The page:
Cause Unknown. Forest pathologists have been investigating a new decline and dieback of bigleaf maple that emerged in 2010. The problem is widespread throughout western Washington and Oregon and may extend into California. Many pathogens have been ruled out as the primary cause (but may be involved in secondary symptoms) including Armillaria, various oomycetes, Nectria cankers, stem decay fungi such as Ganoderma, and Verticillium. Testing for the bacterium Xylella fastidiosa has been negative. Abiotic factors, such as drought, are possible but none has emerged as the definitive cause.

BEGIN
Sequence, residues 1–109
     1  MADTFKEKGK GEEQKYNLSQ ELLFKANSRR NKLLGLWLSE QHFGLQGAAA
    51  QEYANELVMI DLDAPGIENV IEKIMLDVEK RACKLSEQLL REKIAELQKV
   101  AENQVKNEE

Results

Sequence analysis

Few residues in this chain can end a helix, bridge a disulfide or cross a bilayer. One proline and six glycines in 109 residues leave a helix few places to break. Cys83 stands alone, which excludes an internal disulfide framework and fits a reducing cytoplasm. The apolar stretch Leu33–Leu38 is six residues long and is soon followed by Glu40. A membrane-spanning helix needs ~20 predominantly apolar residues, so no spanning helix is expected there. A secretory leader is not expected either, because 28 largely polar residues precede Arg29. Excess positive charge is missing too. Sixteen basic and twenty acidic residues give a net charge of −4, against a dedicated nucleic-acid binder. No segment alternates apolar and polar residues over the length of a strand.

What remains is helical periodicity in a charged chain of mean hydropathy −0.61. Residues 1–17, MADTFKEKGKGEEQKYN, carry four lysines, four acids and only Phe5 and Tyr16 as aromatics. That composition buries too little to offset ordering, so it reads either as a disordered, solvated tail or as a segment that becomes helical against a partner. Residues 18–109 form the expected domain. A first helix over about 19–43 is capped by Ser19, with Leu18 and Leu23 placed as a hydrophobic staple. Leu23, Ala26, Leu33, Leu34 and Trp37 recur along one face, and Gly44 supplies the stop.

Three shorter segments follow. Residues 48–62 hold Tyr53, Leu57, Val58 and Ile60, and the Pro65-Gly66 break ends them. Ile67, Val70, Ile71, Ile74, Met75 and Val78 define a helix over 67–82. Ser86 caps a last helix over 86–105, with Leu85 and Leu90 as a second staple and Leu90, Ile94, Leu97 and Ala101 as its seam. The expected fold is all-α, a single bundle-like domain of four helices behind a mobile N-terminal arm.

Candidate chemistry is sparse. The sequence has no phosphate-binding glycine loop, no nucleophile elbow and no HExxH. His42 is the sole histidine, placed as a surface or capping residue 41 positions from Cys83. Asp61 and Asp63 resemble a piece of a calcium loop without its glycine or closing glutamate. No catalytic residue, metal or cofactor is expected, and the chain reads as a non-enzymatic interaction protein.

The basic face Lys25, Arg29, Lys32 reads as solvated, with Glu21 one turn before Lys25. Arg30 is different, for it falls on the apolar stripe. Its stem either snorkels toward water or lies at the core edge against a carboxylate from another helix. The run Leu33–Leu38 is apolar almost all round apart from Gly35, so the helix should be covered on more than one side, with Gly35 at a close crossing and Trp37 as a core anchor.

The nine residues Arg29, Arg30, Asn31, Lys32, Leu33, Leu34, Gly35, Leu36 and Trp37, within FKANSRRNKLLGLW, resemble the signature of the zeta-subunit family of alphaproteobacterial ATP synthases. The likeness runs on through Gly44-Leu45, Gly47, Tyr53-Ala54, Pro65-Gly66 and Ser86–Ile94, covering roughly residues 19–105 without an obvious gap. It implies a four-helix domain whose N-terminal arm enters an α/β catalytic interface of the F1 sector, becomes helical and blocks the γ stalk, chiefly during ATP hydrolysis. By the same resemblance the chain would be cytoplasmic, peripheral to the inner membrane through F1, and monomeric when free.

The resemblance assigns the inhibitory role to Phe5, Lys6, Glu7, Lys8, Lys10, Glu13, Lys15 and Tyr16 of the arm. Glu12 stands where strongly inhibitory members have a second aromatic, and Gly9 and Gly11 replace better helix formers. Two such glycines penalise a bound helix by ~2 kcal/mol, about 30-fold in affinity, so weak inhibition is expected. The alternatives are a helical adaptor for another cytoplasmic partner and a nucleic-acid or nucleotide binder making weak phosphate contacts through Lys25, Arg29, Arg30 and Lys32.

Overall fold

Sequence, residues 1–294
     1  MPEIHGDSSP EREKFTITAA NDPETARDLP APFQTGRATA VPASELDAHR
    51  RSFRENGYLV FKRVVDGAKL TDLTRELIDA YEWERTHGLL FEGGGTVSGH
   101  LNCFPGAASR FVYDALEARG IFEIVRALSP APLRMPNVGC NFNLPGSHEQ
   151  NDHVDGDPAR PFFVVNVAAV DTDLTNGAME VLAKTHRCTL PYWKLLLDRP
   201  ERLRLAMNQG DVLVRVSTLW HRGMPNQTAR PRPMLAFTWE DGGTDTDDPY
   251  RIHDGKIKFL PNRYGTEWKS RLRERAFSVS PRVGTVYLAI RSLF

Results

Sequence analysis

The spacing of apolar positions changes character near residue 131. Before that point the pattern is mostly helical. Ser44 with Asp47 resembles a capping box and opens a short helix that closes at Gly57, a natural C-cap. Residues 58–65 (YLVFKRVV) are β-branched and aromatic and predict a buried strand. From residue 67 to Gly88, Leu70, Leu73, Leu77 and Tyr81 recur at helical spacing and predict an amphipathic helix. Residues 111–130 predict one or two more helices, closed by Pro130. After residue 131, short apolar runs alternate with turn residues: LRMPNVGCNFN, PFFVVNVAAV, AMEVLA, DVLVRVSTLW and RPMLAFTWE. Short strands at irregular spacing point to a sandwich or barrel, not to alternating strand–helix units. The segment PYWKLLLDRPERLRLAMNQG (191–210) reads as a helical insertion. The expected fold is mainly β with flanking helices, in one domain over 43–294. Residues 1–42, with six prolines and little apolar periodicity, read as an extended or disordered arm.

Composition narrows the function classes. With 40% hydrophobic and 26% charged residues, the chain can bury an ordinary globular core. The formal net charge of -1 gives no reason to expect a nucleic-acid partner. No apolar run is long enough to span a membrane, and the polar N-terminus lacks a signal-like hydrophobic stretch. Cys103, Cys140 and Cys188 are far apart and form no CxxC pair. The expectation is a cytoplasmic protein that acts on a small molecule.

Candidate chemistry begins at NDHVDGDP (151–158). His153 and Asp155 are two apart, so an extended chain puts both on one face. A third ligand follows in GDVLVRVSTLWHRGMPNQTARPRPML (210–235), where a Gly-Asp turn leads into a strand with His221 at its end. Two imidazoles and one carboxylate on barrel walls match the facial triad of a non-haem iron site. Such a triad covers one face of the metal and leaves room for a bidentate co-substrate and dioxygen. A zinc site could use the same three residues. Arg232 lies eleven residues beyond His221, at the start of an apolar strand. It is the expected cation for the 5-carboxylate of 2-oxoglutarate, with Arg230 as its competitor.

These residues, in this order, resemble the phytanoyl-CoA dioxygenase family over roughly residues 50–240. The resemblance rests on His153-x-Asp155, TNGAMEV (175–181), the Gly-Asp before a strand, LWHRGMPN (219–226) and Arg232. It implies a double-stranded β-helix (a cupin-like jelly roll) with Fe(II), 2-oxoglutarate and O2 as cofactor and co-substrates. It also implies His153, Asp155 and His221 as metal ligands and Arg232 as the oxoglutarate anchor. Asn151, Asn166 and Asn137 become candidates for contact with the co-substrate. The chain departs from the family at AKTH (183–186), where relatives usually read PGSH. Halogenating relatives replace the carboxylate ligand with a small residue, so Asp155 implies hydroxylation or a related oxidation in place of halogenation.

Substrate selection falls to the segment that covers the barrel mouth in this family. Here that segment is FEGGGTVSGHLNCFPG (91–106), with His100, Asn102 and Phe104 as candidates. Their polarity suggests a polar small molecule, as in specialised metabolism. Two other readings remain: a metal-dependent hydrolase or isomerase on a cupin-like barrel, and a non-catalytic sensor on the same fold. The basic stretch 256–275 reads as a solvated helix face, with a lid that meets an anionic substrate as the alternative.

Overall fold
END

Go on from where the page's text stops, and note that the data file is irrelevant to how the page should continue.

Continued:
Symptoms Crown, branch, and entire tree dieback with clumps of shrunken leaves in the canopy and heavy seed crops. Trees of many ages and sizes have died from this disease. Additional symptoms may include leaves with yellow edges and red-to-brown tips-typical leaf scorch.
Cultural control Maintain trees as best you can with minimal care and infrequent deep waterings during the summer months while forest pathologist scratch their heads.